Anyway, depending on your needs (carry, home defense, concealability, capacity, ease-of-use, reliability, initial cost, resell value, other) your ideal first gun could look like just about anything. Figuring out what you need first is the best way to hone in on what family of guns you are interested in.
PS Personal learnings on ammunition: I bought a .40 S&W caliber pistol. I love it. At the range, my ammunition is perhaps 15-20% more expensive than it would be if I had chosen a 9mm handgun. .38 special ammunition, which is would I would be b uying if I went for the revolver I was looking at, is also cheaper than .40 S&W, appears to be about similar to 9mm.
I have not priced .380 ammunition mostly for the reason that no one near me ever has any. I have overheard conversations regarding .380 ammunition in 3 different places and all of those speakers agreed that the manufacturers are simply not making it according to a regular schedule. Apparently, the same machine that makes .380 also makes another hot selling caliber that has a 250% (or greater) return on investment, and it takes about 6 takes on each end to change over the machines to make .380. So, none of them like to change over the machine because that means they are losing something like $6 million a day not manufacturing that other caliber. Overheard at the outdoor range a few days ago, one of the range masters was bragging on the great price he gets on .380 ammo. 3 shooters within hearing of him asked him how. He said he calls his dealer every night at 7pm or else the next morning before 7 am. When the dealer gets the .380 in, he's always first in line. Apparently, that dealer only gets a few boxes at a time and this range master snaps it all up, every time. So.... in my neck of the woods, a .380 caliber gun would be a serious commitment to hunt down ammunition if I ever plan to shoot it.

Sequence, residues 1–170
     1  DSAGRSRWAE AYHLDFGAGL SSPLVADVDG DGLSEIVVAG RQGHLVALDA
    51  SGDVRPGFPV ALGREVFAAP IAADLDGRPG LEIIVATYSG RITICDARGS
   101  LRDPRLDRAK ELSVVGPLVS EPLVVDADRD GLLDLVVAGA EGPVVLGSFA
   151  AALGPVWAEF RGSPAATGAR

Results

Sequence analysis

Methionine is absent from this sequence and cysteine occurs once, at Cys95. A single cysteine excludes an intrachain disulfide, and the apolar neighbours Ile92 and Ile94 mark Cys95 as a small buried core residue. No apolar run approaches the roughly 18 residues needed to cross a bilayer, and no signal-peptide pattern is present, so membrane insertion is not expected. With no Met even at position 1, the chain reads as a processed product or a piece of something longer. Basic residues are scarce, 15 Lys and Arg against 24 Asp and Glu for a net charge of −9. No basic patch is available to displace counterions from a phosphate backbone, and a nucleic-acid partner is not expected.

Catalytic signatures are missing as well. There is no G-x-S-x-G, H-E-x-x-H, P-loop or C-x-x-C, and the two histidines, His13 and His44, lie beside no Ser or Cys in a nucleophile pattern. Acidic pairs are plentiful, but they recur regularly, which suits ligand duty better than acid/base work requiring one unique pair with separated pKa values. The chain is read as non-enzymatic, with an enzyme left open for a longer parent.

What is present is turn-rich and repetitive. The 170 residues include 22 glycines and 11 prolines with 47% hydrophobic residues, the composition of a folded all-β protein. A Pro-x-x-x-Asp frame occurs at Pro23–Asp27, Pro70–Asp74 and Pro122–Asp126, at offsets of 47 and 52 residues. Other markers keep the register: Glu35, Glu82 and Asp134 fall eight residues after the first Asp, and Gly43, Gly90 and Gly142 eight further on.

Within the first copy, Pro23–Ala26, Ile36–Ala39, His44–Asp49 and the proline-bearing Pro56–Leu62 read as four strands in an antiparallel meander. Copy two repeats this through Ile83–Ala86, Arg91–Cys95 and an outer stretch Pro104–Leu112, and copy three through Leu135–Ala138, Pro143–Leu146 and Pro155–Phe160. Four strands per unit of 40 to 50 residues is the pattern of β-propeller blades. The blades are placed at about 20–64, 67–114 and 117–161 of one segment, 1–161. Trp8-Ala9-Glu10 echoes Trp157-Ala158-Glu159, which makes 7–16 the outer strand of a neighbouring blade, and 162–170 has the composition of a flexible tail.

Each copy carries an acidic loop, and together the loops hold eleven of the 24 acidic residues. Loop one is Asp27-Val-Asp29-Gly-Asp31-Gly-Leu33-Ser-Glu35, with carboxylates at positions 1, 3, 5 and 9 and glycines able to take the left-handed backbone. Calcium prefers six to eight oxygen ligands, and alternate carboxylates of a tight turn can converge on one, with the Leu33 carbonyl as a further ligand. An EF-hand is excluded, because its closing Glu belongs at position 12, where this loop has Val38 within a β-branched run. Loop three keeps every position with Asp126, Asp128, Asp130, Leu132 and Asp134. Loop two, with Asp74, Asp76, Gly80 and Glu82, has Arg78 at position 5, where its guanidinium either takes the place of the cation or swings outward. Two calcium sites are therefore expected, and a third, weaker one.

.357 Sig - I liked everything I heard about this caliber except the availability. It costs about the same as the .40 S&W, has an excellent history of stats on stopping power, but if you're looking for something stronger than 9mm it seems the younger/fewer stats .40 S&W is the one to go with because you can actually find it. .40 S&W tends to have more recoil than 9mm and for that reason some don't like it. I happen not to have a problem with it.
People who like this sort of thing will find this the sort of thing they like.
- Abraham Lincoln
A fanatic is one who can't change his mind and won't change the subject.
- Winston Churchill
Get a shotgun immediately and learn how to use it. It is cheap, easy to find, easy to operate and very effective. Its also the safer choice around kids.
I like the "keep your valuables away from home" idea mentioned by Retsupt99.
I would also think about a restraining order against this guy "just in case". That way you have documented your wishes that he not be near your home and children. It will help you just in case something did happen and you had to use deadly force.
Training . . . . get some self-defense training as soon as possible. Many places will supply you with a handgun or a choice between several handguns. Try out as many as they will allow you to try and that will help you find one that you will actually use if and when it is needed.
“I am consistently on record and will continue to be on record as opposing concealed carry.”
- Barack Obama Chicago Tribune, April 27, 2004
I have thought of one thing no one has mentioned. And it's an important one for young couples with 3 kids who undoubtedly live paycheck to paycheck. I know I do.
You need to budget your money. A lot of people are throwing out suggestions as if money isn't an issue. Heck, I'm even guilty of this.